These words were spoken by Moses to all the Israelites shortly before his death. He had told them that they owed all to God Himself; that God had delivered them out of slavery in Egypt; God had led them to the land of Canaan; God had given them just laws and right statutes, which if they kept they would live long in their new home, and become a great and mighty nation. Then he calls heaven and earth to witness that he had set before them life and death, blessing and cursing. If they trusted in the one true God, and served Him, and lived as men should, then a blessing would come on them and their children, on their flocks and herds, on their land and all in it. But if they forgot God, and began to worship the sun and the moon, then they would die; they would grow superstitious, cowardly, lazy, and profligate, and therefore weak and miserable, like the wretched Canaanites whom they were going to drive out; and then they would die. Then he says--I call heaven and earth to witness against you this day, that I have set before you life and death, blessing and cursing. He called heaven and earth to witness. That was no empty figure of speech. If you will recollect the story of the Israelites you will see plainly enough what Moses meant. The heaven would witness against them. The same stars which would look down on their freedom and prosperity in Canaan had looked down on all their slavery and misery in Egypt, hundreds of years before. They would seem to say--Just as the heavens above you are the same, wherever you go, and whatever you are like, so is the God who dwells above the heaven: unchangeable, everlasting, faithful, and true, full of light and love, from whom comes down every good and perfect gift, in whom is neither variableness nor shadow of turning. Do you turn to Him continually, and as often as you turn away from Him: and you shall find Him still the same; governing you by unchangeable law, keeping His promise forever. And the earth would witness against them. That fair land of Canaan whither they were going, with its streams and wells spreading freshness and health around; its rich corn valleys, its uplands covered with vines, its sweet mountain pastures, a very garden of the Lord, cut off and defended from all the countries round by sandy deserts and dreary wildernesses; that land would be a witness to them, at their daily work, of God’s love and mercy to their forefathers. The ruins of the old Canaanite cities would be a witness to them, and say--Because of their sins the Lord drove out these old heathens from before you. Copy their sins, and you will share their ruin. Does not the heaven above our heads, and the earth beneath our feet, witness against us here? Do they not say to us--God has given you life and blessing? If you throw that away, and choose instead death and a curse, it is your own fault, not God’s. Look at the heaven above us. Does not that witness against us? Has it not seen, for now fifteen hundred years and more, God’s goodness to us, and to our forefathers? All things have changed: language, manners, customs, religion. We have changed our place, as the Israelites did; and dwell in a different land from our forefathers: but that sky abides forever. The same sun, that moon, those stars shone down upon our heathen forefathers, when the Lord chose them, and brought them out of the German forests into this good land of England, that they might learn to worship no more the sun, and the moon, and the storm, and the thunder cloud, but to worship Him, the living God, who made all heaven and earth. And shall not the earth witness against us? Look round upon this noble English land. Why is it net, as many a land far richer in soil and climate is now, a desolate wilderness; the land lying waste, and few men left in it, and those who are left robbing and murdering each other, every man’s hand against his fellow, till the wild beasts of the field increase upon them? Why but because the Lord set before our forefathers life and death, blessing and cursing; and our forefathers chose life, and lived; and it was well with them in the land which God gave to them, because they chose blessing, and God blessed them accordingly? In spite of many mistakes and shortcomings--for they were sinful mortal men, as we are--they chose life and a blessing; and clave unto the Lord their God, and kept His covenant; and they left behind, for us their children, these churches, these cathedrals, for an everlasting sign that the Lord was with us, as He had been with them, and would be with our children after us. And then when one reads the history of England; when one thinks over the history of any one city, even one country parish; above all, when one looks into the history of one’s own foolish heart: one sees how often, though God has given us freely life and blessing, we have been on the point of choosing death and the curse instead; of saying--We will go our own way, and not God’s way. The land is ours, not God’s; our souls are our own, not God’s. We are masters, and who is master over us? That is the way to choose death, and the curse, shame and poverty and ruin; and how often we have been on the point of choosing it? What has saved us from ruin? I know not, unless it be for this one reason, that into that heaven which witnesses against us the merciful and loving Christ is ascended; that He is ever making intercession for us. Yes. He ascended on high, that He might send down His Holy Spirit; and that Spirit is among us, working patiently and lovingly in many hearts--would that I could say in all--giving men right judgment; putting good desires into their hearts, and enabling them to put them into good practice. (C. Kingsley, M. A.)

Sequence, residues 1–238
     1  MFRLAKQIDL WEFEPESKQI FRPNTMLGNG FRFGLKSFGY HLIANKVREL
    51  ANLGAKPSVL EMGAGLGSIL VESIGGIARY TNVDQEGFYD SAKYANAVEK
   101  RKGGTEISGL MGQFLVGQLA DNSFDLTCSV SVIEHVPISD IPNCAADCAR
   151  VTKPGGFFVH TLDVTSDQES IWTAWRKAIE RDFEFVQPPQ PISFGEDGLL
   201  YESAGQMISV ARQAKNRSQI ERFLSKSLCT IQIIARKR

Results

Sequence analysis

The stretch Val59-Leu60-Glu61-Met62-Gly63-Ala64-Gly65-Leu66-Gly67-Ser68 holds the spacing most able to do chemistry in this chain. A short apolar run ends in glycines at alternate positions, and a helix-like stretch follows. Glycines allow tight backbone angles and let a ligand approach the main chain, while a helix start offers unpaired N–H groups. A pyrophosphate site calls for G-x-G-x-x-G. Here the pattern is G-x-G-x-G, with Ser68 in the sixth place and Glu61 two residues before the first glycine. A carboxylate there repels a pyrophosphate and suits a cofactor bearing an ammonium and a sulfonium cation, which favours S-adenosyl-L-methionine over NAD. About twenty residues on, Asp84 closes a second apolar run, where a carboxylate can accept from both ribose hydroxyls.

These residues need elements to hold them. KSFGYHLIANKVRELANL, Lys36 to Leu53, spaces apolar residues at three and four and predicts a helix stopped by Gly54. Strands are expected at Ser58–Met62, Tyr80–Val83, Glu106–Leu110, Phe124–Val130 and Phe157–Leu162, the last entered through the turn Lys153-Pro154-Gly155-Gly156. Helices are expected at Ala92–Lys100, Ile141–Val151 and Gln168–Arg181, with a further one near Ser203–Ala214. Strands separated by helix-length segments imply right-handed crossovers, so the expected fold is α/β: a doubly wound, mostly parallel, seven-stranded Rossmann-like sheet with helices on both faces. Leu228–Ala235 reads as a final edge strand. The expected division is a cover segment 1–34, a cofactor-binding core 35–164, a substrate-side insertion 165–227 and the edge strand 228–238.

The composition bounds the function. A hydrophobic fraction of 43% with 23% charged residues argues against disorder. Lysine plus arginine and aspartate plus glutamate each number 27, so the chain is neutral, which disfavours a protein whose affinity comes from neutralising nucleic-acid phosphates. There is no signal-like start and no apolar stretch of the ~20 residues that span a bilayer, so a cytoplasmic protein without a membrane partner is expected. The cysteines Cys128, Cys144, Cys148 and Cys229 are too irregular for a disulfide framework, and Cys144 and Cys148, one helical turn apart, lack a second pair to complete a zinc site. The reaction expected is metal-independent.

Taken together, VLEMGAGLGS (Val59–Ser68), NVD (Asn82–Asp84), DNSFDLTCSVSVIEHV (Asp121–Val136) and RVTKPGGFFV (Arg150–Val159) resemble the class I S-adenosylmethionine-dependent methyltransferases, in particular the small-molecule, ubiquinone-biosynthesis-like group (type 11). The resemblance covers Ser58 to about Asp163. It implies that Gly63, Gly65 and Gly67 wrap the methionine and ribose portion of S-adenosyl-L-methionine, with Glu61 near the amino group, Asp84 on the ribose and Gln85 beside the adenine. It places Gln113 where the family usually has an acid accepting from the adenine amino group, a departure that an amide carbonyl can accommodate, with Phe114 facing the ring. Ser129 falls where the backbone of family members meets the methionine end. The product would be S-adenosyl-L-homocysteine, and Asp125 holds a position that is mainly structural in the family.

Choosing life or death